Breaking: School Shooting in Colorado, Weeks After Senator Resigned Over Gun ControlCarolyn Castiglia
A student wounded two schoolmates then died of a self-inflicted gun shot wound today at Arapahoe High School in Centennial, Colorado. The high school has 2,229 students and sits 10 miles from Columbine High School, where 15 people died and 21 were injured during the Columbine massacre of 1999. It may not be coincidence that this happened today, the day before the one year anniversary of the Sandy Hook massacre, which took the lives of 26 people, mostly first graders.
According to NBC News, “The shooter, a male student, said he was looking for a specific teacher by name when the incident began about 12:30 p.m. (2:30 p.m. ET).” The incident is now considered over, all students have been evacuated, and law enforcement officials are believed to be talking to the shooter’s family. The school is in the same county as Aurora, Colorado, where the Dark Knight massacre occurred in 2012.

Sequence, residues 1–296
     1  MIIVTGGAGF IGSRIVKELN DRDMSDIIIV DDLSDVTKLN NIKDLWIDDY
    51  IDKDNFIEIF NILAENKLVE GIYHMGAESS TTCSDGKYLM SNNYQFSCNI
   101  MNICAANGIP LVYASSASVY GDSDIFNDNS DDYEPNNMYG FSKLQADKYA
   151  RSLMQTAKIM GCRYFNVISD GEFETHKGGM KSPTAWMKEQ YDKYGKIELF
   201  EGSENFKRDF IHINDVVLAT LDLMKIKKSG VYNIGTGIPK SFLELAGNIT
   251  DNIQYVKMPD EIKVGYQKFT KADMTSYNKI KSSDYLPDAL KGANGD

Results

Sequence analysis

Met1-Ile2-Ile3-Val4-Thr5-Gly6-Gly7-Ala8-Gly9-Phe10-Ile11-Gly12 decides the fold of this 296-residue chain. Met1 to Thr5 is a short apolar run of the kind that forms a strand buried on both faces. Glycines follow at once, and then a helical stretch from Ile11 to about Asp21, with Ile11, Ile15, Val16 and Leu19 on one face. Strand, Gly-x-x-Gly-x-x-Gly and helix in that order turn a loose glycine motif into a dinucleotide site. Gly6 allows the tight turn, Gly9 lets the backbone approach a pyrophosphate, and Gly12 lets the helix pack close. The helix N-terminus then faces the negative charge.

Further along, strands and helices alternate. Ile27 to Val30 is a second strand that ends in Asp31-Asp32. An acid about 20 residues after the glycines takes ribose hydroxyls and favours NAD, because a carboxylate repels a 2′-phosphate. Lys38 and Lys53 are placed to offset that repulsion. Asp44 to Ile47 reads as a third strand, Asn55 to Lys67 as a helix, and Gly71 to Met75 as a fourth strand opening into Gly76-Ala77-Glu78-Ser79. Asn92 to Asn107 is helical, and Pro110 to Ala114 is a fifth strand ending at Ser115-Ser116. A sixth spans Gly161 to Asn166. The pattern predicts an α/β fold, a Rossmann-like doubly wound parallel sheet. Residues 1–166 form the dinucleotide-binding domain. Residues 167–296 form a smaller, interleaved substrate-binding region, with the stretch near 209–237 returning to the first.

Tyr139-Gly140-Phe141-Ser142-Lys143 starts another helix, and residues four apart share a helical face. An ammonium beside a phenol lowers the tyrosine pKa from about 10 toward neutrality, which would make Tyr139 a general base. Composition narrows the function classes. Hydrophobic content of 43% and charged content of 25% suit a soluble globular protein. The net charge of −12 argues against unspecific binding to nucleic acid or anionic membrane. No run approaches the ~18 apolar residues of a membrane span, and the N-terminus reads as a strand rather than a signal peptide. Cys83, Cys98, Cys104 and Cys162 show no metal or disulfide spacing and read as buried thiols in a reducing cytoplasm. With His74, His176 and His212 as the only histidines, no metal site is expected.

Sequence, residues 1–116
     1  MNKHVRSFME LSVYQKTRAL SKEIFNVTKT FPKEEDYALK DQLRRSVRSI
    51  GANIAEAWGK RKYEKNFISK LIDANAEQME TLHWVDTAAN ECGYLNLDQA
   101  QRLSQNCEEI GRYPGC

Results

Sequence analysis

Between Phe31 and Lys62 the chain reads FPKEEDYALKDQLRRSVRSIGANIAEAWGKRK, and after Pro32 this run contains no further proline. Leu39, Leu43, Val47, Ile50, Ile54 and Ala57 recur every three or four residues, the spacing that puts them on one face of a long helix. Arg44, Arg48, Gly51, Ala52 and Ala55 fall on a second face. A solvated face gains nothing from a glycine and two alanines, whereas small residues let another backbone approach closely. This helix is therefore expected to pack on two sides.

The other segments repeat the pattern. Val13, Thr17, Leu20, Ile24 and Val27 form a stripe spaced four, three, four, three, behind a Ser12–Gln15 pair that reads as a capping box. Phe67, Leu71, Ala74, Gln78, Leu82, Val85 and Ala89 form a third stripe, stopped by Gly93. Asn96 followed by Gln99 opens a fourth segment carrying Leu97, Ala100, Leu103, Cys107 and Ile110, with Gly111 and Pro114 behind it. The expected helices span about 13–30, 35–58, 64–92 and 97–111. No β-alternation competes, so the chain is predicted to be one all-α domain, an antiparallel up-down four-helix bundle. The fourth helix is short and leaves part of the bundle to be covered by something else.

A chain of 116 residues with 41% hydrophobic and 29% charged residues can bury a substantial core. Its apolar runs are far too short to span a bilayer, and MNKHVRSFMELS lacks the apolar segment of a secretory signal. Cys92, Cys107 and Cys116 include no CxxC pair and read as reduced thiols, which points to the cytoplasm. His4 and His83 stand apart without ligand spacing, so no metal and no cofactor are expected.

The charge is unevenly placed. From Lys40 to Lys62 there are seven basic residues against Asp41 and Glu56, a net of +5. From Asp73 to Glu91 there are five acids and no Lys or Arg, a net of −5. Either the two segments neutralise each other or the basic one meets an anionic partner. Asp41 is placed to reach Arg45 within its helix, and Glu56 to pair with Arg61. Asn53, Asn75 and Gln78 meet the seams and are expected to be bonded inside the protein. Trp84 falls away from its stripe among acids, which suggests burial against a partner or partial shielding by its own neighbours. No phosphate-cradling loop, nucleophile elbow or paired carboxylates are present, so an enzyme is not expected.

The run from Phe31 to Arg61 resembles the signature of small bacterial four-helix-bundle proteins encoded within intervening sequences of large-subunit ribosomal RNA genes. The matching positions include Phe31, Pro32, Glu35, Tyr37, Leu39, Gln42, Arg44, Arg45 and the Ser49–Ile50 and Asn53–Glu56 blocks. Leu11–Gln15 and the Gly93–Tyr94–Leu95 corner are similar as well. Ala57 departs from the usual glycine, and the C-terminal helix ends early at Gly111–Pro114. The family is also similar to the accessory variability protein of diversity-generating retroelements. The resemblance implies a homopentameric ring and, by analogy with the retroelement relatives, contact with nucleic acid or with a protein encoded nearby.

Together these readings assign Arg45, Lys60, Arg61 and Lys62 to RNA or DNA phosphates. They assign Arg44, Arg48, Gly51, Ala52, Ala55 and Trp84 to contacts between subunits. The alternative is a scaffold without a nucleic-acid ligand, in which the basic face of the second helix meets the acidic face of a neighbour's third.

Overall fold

It’s interesting to note that just a few weeks ago, on November 27th, Colorado state senator Evie Hudak, who had represented “a district that includes Denver’s western suburbs since 2008,” announced her resignation, less than a week before opponents planned to submit petitions to recall her “over her support of gun control laws,” Fox News reports. Fox notes, “The recall efforts came after Colorado’s Democratic Legislature and governor last year approved a slate of gun-control measures including ammunition magazine limits and expanded background checks.” State senators John Morse and Angela Giron were recalled in September “in favor of Republican replacements over their support of the legislation.”
We here at Babble have been writing about school shootings and gun control laws for years, but as The Daily Beast notes, nothing has changed in spite of the tragedy at Sandy Hook and all those that came before it. Brandy Zadrozny writes, “In the year since 20 first-graders were shot and killed at Sandy Hook Elementary, another school shooting has taken place in America every two weeks on average.” When will we ever learn?
Photo credit: Flickr user Sean